Wednesday, July 30, 2008

Triple-Feature Part I: Wanted

Directed by Timur Bekmambetov
Released June 27, 2008
Seen June 29, 2008

From its very beginning, “Wanted” is a heavily stylized movie which relies heavily on its many wonderfully-executed action sequences, which are not for the squeamish. Fortunately, the plot is even decent and the movie works better than it perhaps should. James McAvoy, putting on a flawless American accent, sounds oddly like Shia LaBoeuf, but it’s not a problem, and it’s cool to see him in this kind of performance after his recent forays into dramatic acting with “The Last King of Scotland” and “Atonement” as well as his comedy success “Starter for 10”. Angelina Jolie and Morgan Freeman are cast perfectly for their parts as well. The movie has a great sardonic wit that carries through its runtime and really adds to its overall effect. Set to a great soundtrack, the movie proceeds along at an energetic pace. It doesn’t care about adhering to strict conventions or pretending to be believable, and that’s where it truly succeeds. The movie is perfectly summed up by one of Freeman’s line: “If no one told you that bullets flew straight, and I gave you a gun and told you to hit the target, what would you do?” The answer, of course, is to have someone stand right in front of the target and watch the bullet weave around them. It requires a lot of suspension of disbelief, but the incredible action scenes and fantastic ending make this popcorn flick more than worth it.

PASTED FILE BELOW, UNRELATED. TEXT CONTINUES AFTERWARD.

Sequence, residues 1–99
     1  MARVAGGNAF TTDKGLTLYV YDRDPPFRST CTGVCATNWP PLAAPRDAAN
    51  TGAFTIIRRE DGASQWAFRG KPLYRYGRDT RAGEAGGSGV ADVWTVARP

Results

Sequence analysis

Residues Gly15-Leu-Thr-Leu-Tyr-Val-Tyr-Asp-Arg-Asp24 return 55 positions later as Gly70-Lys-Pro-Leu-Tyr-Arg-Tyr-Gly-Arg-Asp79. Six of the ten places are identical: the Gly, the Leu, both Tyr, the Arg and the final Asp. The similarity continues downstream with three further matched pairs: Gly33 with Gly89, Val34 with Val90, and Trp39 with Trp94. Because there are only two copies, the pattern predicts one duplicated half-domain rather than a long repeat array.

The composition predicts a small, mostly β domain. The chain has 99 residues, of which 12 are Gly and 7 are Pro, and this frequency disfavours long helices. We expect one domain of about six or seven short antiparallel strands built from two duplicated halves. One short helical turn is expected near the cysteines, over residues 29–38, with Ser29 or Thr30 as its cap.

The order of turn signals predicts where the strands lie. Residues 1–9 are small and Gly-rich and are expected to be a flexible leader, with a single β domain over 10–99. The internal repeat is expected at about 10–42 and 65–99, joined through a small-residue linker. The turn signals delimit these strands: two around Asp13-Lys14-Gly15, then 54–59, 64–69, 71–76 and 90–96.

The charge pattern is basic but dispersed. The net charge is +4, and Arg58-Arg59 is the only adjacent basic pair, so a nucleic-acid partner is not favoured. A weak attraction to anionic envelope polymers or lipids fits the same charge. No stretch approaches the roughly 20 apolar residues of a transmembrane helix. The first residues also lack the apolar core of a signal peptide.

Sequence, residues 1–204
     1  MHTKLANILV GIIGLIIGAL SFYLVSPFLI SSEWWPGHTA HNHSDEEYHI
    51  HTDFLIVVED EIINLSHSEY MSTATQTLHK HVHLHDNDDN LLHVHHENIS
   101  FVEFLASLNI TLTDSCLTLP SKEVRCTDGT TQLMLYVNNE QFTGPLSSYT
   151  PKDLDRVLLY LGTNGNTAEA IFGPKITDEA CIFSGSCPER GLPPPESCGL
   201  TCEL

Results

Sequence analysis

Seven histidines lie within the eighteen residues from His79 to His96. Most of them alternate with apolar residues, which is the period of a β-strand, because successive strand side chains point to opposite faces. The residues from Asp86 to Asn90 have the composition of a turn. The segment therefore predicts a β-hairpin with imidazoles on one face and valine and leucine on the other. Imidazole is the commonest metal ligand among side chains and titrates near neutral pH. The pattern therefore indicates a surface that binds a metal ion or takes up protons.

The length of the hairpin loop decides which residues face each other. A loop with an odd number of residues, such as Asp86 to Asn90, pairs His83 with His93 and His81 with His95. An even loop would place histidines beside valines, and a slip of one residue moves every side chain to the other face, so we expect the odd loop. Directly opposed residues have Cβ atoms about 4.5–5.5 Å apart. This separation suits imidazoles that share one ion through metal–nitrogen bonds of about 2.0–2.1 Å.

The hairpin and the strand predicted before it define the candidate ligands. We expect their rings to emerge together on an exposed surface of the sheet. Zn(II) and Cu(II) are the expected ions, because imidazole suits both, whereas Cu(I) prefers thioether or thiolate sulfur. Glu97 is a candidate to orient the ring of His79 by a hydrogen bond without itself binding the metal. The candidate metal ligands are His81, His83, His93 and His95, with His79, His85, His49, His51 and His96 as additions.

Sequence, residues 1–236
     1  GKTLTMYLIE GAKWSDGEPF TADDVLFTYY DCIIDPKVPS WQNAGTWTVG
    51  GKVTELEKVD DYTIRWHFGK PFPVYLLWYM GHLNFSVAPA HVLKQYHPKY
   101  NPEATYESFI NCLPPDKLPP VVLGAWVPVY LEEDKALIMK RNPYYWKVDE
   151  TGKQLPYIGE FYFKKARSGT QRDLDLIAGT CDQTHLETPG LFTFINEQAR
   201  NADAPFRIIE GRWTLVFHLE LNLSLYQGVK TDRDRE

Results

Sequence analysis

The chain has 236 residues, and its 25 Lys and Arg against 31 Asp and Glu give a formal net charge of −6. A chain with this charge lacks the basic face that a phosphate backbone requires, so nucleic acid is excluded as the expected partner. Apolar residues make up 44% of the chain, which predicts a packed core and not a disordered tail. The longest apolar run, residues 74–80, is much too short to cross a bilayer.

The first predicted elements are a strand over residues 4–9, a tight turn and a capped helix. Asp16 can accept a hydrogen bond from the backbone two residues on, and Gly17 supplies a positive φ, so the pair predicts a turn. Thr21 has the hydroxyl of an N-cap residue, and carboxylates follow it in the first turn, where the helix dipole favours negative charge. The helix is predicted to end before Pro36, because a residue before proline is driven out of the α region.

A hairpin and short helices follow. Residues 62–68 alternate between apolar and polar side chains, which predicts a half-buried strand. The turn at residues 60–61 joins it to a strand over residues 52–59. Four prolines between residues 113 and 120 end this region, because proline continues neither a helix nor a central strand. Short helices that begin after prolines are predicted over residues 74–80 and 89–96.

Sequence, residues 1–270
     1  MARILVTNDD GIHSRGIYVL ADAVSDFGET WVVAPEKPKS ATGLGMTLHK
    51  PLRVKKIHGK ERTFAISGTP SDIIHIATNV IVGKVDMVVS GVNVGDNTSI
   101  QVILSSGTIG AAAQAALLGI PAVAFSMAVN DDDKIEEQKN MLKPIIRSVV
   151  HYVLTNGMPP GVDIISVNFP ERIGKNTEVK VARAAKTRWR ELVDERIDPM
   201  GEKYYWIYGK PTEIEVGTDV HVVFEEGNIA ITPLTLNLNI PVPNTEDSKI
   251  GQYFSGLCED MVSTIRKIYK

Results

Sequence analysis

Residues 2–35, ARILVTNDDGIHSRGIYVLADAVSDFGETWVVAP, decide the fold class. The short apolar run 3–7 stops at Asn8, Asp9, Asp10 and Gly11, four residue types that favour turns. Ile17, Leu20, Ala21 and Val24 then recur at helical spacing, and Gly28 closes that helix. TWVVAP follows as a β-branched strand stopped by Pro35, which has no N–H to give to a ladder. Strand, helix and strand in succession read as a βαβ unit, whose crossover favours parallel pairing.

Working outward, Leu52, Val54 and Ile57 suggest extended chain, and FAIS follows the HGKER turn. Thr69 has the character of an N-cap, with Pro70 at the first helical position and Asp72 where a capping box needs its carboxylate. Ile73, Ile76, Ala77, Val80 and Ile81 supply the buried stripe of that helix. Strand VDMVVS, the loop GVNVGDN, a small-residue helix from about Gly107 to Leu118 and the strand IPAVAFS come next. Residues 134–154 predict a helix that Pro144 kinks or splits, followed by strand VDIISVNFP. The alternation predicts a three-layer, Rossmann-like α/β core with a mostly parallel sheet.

Tuesday, July 22, 2008

Film Review: My Blueberry Nights

Note: This is the last in my series of backtracking through the movies I have seen in the past two months and haven’t had time to review. I'll be posting reviews from my triple-feature from a weeks ago soon, and it'll be fresh stuff from then on.

My Blueberry Nights
Directed by Wong Kar Wai
Released April 4, 2008
Seen May 5, 2008

For those who don’t know, Wong Kar Wai is a Chinese director whose films are always extremely artistic and colorful, and more than often purposely sparse on plot. I have only seen “In the Mood for Love” out of his work, which is an interesting film in which surprisingly little actually happens, but I appreciate it as a quality film. His latest effort, his first American film, is a different kind of experience. He casts some terrific actors in various colorful locales and follows (I use this word lightly) their journeys. The movie is definitely intoxicating, and it’s quite easy to get sucked in. Once there, however, the movie doesn’t go very far. While lengthy shots that look like a car advertisement are fascinating for a moment, the film feels truly disjointed and aimless. If that’s supposed to be the point, and I believe it is, the elements of the movie aren’t fulfilling enough left as disorganized as they are. It’s definitely a beautiful film, and one which might be just as effective with the sound off, save of course for a fascinating performance from Natalie Portman which almost makes the whole thing worth it. Norah Jones takes on her first acting job here, and the result is intriguing – she’s terrific in all her scenes with Jude Law, but otherwise, she fizzles and it’s not that pretty. If you want to get lost in thought for an hour and a half, this film is a good way to go, but overall it needs just a bit more spark to make it worthwhile.


Thursday, July 17, 2008

Film Review: Iron Man

Note: This continues my series of backtracking through the movies I have seen in the past two months and haven’t had time to review. I’ll be catching up with one more review coming up soon.

Iron Man
Directed by Jon Favreau
Released May 2, 2008
Seen May 6, 2008